Only a few other heavy metal bands have attempted to add spacey elements to their music, with various results. Sacred Blade/Othyrworld is probably the only one I know of that blends the sound as well as Full Moon, although there the focus was more on pure heavy metal rather than the NWOBHM and more epic leanings found here. Late 80s Cloven Hoof also tried to do this, and were successful, though the spacey elements were less central. Certainly, though, Dominator and A Sultan’s Ransomare also largely carried by an excellent vocalist in Russ North. Manilla Road’s Invasion and Mark of the Beast also flirt with this sound, but here the metal elements are less central, creating something that’s rougher and less mature than Full Moon.
The only issue I see with the album is a couple of tracks that throw off the pacing; “Awakening” is a ballad that, while retaining some spacey elements, kind of takes away from that galloping, adventurous feel given by the metal riffs, and isn’t especially good in its own right anyway. This one probably could have been left out. The instrumental “Actius Selene”, on the other hand, is just short enough not to detract too much from the overall atmosphere, has stronger songwriting in general, and provides a good segue into “Euphoric Dance” which is much more psychedelic and strange than the more or less epic heavy metal anthems “Time Machine” and “Highlander.” “The Chequered Floor” also gets just a little bit slow and clunky at times, especially after “Euphoric Dance” and “Blur on the Horizon,” which are a bit lighter on the metal front, but ultimately doesn’t provide too much of a problem.
“The Ninth Wave” gets things back on track nicely and the utterly monstrous and brilliant album opus and closer “Beltaine Fires” just destroys everything in its path, handing out mesmerizing riffs, mind-blowing solos, breathtaking vocals and unparalleled atmosphere like candy. Never for one moment in its duration of over 8 minutes missing a beat or providing anything less than fantastic, switching from epic metal anthem to lush, spacey ballad and back again like it’s nothing. On top of all this, its switching moods ultimately build up feelings over the course of the song that eventually lead to the triumphantly galloping climax like a good epic ought to do. Really, there’s hardly anything to fault the album for except for the somewhat below par “Awakening”; otherwise, it’s an utterly catchy, sword-wielding, and mind-altering journey into the depths of space, through battles cosmic and barbaric, among psychedelic strangeness and ultimately back again, becoming the stronger for the experience. If you have any doubts as to my claims about this album, just listen to it, and find out for yourself what a beautiful experience this strange and wonderful masterpiece of an album is.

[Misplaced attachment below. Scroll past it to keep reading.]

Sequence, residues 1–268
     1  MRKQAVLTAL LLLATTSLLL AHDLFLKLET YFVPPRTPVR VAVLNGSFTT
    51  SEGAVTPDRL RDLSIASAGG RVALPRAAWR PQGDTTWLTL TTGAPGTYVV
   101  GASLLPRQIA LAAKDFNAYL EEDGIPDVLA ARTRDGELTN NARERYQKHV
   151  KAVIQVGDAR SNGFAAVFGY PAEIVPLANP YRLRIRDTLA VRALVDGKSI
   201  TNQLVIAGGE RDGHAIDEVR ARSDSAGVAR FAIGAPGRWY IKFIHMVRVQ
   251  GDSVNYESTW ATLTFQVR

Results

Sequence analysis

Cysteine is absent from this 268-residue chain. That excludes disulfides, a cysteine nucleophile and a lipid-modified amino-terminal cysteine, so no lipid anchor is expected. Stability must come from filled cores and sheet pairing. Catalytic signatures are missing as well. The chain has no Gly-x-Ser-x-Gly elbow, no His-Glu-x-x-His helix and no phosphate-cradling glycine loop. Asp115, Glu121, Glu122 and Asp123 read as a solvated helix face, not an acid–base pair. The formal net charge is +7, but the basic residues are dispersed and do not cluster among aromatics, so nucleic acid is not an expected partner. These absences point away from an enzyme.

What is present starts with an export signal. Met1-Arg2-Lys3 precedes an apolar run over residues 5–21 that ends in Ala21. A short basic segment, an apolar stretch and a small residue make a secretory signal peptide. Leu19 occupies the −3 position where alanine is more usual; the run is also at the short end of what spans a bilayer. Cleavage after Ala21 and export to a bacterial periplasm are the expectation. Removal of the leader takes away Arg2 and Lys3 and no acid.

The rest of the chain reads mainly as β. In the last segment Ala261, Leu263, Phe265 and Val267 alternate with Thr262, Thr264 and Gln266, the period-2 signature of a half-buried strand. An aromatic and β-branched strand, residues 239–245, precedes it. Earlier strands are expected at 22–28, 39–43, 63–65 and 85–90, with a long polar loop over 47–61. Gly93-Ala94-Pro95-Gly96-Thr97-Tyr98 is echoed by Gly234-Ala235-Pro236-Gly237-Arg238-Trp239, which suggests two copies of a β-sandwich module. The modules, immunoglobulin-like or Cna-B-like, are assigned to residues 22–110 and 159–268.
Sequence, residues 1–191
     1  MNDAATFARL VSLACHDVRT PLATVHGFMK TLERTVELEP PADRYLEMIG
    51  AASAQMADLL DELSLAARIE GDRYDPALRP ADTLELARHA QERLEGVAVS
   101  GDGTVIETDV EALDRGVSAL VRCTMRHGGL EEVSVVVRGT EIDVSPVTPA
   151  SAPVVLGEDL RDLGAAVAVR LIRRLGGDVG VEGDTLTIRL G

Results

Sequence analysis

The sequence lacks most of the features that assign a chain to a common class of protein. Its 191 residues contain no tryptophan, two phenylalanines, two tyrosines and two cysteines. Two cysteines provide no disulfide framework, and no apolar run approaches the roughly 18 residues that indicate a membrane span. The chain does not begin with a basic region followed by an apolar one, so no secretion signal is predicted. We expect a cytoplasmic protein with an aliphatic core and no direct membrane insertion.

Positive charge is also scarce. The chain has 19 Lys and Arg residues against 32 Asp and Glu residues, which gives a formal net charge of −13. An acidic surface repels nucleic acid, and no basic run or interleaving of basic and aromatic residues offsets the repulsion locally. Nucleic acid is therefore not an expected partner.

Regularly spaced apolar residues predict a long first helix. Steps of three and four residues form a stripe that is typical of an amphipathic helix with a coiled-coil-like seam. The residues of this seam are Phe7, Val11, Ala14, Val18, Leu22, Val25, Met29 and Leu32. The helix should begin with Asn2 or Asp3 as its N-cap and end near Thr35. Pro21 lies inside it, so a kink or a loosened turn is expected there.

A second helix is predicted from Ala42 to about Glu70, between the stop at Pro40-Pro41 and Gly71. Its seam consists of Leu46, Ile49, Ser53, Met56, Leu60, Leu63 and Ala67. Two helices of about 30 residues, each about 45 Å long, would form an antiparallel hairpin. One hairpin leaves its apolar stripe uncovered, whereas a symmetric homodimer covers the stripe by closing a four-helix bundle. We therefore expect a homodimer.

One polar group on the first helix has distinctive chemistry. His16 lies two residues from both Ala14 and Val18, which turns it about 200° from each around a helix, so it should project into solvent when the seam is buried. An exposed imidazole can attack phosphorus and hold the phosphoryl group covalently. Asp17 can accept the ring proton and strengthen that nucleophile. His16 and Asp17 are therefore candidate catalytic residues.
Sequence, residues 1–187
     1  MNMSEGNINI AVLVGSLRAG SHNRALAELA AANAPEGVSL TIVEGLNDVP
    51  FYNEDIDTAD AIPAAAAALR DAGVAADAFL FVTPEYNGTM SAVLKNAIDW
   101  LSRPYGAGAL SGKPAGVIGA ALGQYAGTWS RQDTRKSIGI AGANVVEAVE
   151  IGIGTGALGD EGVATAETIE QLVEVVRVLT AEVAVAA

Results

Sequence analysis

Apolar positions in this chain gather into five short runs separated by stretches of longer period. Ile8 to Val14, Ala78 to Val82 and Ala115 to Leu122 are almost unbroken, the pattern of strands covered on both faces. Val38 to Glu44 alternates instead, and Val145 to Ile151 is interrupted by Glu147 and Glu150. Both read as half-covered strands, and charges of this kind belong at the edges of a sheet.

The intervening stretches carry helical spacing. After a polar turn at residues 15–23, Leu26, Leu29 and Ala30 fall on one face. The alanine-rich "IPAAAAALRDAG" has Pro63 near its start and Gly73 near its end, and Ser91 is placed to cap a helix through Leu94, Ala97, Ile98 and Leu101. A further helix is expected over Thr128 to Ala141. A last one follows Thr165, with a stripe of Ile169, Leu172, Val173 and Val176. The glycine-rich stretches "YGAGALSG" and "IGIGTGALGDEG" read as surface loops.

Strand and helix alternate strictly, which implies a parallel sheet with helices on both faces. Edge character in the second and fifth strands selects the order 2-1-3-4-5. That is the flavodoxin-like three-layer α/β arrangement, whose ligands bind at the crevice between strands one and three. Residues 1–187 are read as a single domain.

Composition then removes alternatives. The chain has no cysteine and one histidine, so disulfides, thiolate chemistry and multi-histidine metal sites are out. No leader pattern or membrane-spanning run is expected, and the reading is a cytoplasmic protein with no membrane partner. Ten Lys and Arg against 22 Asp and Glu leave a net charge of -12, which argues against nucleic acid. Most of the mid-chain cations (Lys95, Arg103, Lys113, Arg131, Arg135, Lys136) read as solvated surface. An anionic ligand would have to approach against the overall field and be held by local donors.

Favorite tracks: “Time Machine”, “Blur on the Horizon”, “Beltaine Fires”
Album Rating: 92%